Professor Andrew Jones
Professor Andrew Jones is an inter-disciplinary social scientist with a background as an economic geographer. He has held a number of successful leadership roles in higher education, including Dean of School of Arts and Social Sciences, Vice-President (Research & Enterprise) and latterly Deputy President at City, University of London. He is a Fellow of the Academy of Social Sciences, the Royal Geographical Society and the Royal Society of Arts and has held a wide variety of roles for UKRI, including as a member of REF2014 and REF2021 panels. He is a trustee of the Campaign for Science and Engineering (CaSE), and was previously of the Academy of Social Sciences.
Professor Jones’ interest in issues of globalisation has seen him contribute to studies in the fields of political science, sociology and management studies. His research focuses on the global economy, including firms, governing organisations and the activities of key individuals.
His research has been particularly interested in how the activities of organisations relate to the ongoing development of a globalised economy. In relation to this he has investigated the working practices of staff in large 'global' organisations and how they use information technology, travel and mobility strategies; the nature of global knowledge management and the way in which local contexts and places shape competitiveness. Past projects include the globalisation of investment banking, consultancy and legal industries as well as the role played by specific cities as locations for these industries.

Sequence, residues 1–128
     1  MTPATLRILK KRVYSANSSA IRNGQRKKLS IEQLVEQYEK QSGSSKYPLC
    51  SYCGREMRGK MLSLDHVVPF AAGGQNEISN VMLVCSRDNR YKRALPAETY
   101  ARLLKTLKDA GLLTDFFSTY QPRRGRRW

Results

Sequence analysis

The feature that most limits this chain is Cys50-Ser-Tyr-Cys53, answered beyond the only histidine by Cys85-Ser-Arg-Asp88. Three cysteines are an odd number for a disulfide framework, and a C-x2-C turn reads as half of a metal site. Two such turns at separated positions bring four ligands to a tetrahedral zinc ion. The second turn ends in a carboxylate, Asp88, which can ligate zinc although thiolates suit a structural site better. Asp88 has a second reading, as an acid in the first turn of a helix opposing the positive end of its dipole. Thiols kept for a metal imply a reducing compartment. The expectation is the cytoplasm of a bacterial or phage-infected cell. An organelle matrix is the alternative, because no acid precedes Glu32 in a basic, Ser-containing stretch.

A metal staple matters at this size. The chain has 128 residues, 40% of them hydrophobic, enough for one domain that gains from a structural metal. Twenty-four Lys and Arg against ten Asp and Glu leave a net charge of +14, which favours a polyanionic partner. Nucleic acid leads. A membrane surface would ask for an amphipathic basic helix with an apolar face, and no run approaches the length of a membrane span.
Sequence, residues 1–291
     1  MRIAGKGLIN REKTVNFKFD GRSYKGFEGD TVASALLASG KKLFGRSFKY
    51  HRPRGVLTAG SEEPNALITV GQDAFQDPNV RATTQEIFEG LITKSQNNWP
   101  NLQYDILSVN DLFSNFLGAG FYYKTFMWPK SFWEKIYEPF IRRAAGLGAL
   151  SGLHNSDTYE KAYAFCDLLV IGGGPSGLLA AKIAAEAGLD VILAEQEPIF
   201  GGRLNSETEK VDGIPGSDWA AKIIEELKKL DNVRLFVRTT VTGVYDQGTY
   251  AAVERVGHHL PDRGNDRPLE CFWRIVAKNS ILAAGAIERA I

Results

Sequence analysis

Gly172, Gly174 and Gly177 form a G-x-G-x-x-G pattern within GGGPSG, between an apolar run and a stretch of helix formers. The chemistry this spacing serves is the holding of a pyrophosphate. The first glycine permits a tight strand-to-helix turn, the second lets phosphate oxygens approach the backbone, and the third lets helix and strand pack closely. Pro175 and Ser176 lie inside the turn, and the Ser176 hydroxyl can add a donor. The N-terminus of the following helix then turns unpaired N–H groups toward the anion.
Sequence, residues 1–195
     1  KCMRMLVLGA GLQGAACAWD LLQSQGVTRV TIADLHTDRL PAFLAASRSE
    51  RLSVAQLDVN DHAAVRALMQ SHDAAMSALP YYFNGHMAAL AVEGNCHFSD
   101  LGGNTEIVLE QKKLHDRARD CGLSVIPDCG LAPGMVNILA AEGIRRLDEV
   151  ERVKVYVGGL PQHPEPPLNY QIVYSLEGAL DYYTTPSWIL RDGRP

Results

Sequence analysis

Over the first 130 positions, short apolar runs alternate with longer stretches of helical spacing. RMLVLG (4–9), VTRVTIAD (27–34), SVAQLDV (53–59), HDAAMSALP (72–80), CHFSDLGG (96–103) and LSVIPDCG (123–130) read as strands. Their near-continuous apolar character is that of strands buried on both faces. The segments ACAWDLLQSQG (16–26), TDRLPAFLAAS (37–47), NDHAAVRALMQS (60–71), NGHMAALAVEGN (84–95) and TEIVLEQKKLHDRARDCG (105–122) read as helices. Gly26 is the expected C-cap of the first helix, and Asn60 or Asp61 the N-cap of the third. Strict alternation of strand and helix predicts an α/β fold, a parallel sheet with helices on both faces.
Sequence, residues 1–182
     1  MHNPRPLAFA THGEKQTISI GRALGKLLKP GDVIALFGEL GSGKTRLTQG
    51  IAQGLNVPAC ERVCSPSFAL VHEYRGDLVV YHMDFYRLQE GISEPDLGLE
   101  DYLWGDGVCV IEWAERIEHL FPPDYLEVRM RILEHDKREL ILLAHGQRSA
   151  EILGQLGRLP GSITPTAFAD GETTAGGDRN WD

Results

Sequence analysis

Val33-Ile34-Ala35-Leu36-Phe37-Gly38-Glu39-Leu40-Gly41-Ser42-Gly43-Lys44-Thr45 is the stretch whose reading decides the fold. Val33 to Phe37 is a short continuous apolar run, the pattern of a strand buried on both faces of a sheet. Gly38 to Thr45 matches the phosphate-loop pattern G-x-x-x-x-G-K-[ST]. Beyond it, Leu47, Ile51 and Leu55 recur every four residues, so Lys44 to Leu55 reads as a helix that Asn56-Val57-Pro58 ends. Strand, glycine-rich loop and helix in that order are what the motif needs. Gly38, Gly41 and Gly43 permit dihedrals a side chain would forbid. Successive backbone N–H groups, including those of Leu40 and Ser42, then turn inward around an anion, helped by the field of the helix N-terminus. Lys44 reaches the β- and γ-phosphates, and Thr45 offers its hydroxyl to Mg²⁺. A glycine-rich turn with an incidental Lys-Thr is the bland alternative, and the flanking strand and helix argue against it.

In 2004 he authored a study for the UK Government's Department for Education & Skills on the nature and significance of 'gap years', leading to a further long-term project examining overseas youth volunteering projects. This work explored the impacts on volunteers and, to a lesser extent, host communities of gap-year volunteering across the globe including schemes in Tanzania, Guatemala, Belize, Australia and Vietnam. A particular focus was how the kinds of soft skills developed in voluntary work are relevant to the way young people gain certain important skill-sets and abilities in an increasingly global job market. Professor Jones' recent research has returned to business services, and considers in particular how globalisation in these industries is caught up in the rise and development of emerging economies in Asia, and most recently in achieving service sector led economic growth in Latin America and the Caribbean. He also continues to work on the role of service industries in the green economy, and their important contribution to a low-carbon global economy.